Second, the first time I set it up with my Exchange account, I eventually noticed that it’d failed to sync about half of the 52 notes in the account, plus it totally ignores subfolders and their contents. I flipped to application mode and back to terminal mode to re-initiate syncing, but the app reported it remained idle. Finally, I deleted the connection to the account and to my device, cycled power on the Brailliant, and tried the whole setup procedure again. This time, it only synchronized two notes. Same the next time I deleted and tried a third time. On the fourth attempt, everything synced. That was easy! I anticipate additional finickiness moving forward.
Third, contrary to HumanWare’s promotional information, it does not connect with the native Apple Notes app, or at least not to ICloud notes. I suspect Apple here, or simply the fact that Apple notes have rich content that the display would not be able to handle.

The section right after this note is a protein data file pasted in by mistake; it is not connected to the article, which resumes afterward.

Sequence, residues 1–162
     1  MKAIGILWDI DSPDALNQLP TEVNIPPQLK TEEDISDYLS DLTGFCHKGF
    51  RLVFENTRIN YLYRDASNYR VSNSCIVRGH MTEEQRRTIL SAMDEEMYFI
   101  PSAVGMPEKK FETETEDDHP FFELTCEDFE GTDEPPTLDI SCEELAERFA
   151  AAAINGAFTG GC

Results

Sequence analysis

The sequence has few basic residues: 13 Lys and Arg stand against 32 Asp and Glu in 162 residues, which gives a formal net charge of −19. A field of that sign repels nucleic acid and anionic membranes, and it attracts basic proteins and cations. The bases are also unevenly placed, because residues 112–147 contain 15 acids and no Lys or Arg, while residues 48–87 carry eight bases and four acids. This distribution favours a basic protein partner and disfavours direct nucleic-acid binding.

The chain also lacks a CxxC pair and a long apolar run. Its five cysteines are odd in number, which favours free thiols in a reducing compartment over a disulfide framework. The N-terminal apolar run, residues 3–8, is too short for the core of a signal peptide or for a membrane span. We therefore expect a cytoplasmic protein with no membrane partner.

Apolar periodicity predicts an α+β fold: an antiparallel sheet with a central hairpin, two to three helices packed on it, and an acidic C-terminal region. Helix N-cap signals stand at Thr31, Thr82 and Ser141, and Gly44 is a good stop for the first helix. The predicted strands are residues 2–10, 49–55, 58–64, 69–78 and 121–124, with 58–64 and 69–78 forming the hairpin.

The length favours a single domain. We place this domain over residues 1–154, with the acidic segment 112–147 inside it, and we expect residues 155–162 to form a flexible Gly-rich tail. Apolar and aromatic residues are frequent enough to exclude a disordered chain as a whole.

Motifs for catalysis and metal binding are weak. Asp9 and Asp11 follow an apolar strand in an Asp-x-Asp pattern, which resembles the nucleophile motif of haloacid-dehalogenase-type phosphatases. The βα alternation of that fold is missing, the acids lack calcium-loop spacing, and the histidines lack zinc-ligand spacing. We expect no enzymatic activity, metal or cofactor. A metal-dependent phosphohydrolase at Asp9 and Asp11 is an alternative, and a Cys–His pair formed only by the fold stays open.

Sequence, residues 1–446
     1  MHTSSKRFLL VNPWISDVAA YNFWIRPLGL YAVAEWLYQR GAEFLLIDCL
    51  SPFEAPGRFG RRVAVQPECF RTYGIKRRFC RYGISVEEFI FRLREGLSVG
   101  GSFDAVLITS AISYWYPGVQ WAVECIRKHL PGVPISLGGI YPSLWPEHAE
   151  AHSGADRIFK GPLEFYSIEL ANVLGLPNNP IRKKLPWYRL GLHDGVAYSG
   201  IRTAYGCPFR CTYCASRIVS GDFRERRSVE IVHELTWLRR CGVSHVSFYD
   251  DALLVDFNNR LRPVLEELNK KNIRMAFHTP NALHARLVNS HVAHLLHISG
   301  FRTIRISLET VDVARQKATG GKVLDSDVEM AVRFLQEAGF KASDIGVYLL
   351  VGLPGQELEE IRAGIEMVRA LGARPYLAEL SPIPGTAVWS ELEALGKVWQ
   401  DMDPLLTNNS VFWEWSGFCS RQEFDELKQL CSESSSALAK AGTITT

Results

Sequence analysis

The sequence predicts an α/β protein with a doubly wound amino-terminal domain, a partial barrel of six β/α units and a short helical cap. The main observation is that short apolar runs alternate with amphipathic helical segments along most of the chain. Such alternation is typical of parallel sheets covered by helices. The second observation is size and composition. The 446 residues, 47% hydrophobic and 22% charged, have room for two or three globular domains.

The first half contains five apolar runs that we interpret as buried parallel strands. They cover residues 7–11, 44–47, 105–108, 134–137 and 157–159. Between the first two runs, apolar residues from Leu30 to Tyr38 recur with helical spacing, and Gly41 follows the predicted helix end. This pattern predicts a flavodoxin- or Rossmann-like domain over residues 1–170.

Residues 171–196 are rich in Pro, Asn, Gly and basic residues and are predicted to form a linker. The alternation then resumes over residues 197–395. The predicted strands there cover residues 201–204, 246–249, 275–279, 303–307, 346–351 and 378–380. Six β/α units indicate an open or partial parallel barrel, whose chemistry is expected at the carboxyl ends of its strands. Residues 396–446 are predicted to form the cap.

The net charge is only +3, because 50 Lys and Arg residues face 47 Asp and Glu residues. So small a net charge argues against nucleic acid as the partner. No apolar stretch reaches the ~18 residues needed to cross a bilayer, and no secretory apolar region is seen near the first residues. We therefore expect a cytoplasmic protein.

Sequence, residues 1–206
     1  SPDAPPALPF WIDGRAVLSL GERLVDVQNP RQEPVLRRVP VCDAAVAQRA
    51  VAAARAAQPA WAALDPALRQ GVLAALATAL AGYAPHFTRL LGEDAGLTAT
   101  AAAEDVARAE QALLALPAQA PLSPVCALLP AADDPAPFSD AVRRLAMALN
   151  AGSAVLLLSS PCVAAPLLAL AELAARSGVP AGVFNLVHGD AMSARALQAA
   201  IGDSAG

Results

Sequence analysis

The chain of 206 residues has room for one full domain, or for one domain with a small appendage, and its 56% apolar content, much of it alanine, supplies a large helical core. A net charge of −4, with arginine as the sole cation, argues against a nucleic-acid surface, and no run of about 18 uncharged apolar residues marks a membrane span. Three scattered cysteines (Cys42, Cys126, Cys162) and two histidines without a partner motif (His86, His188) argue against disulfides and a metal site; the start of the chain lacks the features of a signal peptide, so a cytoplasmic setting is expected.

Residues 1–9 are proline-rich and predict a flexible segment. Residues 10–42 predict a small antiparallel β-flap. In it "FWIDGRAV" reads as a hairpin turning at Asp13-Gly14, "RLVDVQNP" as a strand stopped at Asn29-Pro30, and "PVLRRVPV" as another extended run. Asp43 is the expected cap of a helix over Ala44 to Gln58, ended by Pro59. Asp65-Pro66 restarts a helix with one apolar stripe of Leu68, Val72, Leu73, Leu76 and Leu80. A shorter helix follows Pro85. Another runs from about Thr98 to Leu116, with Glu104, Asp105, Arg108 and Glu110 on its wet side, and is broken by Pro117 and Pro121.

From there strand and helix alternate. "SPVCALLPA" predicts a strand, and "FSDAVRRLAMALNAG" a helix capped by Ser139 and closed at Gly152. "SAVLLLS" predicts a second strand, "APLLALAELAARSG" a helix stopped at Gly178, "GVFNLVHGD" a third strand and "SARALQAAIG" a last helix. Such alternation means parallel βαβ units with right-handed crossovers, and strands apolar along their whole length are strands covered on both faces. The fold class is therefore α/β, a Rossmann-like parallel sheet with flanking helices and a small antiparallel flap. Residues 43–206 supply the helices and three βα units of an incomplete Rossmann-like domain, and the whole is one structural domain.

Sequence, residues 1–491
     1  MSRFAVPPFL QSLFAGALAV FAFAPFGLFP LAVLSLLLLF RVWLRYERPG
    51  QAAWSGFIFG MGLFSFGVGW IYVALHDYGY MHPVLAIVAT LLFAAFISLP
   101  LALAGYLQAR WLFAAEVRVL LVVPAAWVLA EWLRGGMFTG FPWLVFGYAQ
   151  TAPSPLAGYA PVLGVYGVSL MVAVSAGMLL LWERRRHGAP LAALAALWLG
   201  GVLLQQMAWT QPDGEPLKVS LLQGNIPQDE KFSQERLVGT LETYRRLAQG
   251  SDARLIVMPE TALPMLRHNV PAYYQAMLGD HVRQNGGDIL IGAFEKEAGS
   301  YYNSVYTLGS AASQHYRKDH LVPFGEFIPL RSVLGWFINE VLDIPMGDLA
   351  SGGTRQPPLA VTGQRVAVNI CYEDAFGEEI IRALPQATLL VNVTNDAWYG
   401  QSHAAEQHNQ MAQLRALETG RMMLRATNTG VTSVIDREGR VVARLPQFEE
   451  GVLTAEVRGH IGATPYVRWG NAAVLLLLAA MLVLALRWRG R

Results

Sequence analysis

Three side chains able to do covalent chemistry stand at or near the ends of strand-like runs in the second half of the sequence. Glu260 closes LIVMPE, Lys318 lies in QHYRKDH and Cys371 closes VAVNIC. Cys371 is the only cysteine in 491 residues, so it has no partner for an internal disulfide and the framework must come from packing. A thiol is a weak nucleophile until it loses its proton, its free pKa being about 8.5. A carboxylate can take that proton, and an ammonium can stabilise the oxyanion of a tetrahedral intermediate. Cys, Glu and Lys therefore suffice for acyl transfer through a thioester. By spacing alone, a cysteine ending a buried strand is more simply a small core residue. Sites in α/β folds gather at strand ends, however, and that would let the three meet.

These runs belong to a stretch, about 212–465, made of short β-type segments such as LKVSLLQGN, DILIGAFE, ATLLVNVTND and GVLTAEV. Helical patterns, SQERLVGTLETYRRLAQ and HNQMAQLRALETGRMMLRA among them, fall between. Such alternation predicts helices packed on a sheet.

Fourth, shifting consideration from the Brailliant Sync app to the onboard Notes application, the sum total of edit functions consists of moving by character/word/line, jumping to top and bottom, deleting notes (space-d chord) and the backspace key: no cut/copy/paste, no file renaming, no folders other than the different notes accounts (local, Exchange, Google), and no search. The Orbit Reader 20’s editor is lightyears ahead. Fifth, in a related vein, there’s no way to ever move content from the Local notes folder off of the device, because there’s no SD card and no “USB mass storage device“mode.
All this, with perhaps the exception of ICloud notes compatibility, can be improved with a significant firmware update, so here’s hoping. In my experience, nothing happens quickly in the blindness industry. For example, as I’m writing this, Windows 10 version 1909 will not load the Brailliant device driver because, it says, there is a problem with its digital signature (The solution is to instead use the Microsoft generic driver, which works fine). Scott Davert pointed out the paucity of editing commands in his review over a year ago, and here we still are. I have to wonder if one of the hold-ups is the difficulty posed by competing with other displays that now have notetaker functionality, on the one hand, while avoiding competition with HumanWare’s own BrailleNote devices, on the other.
An Ode to Small Displays and Braille Literacy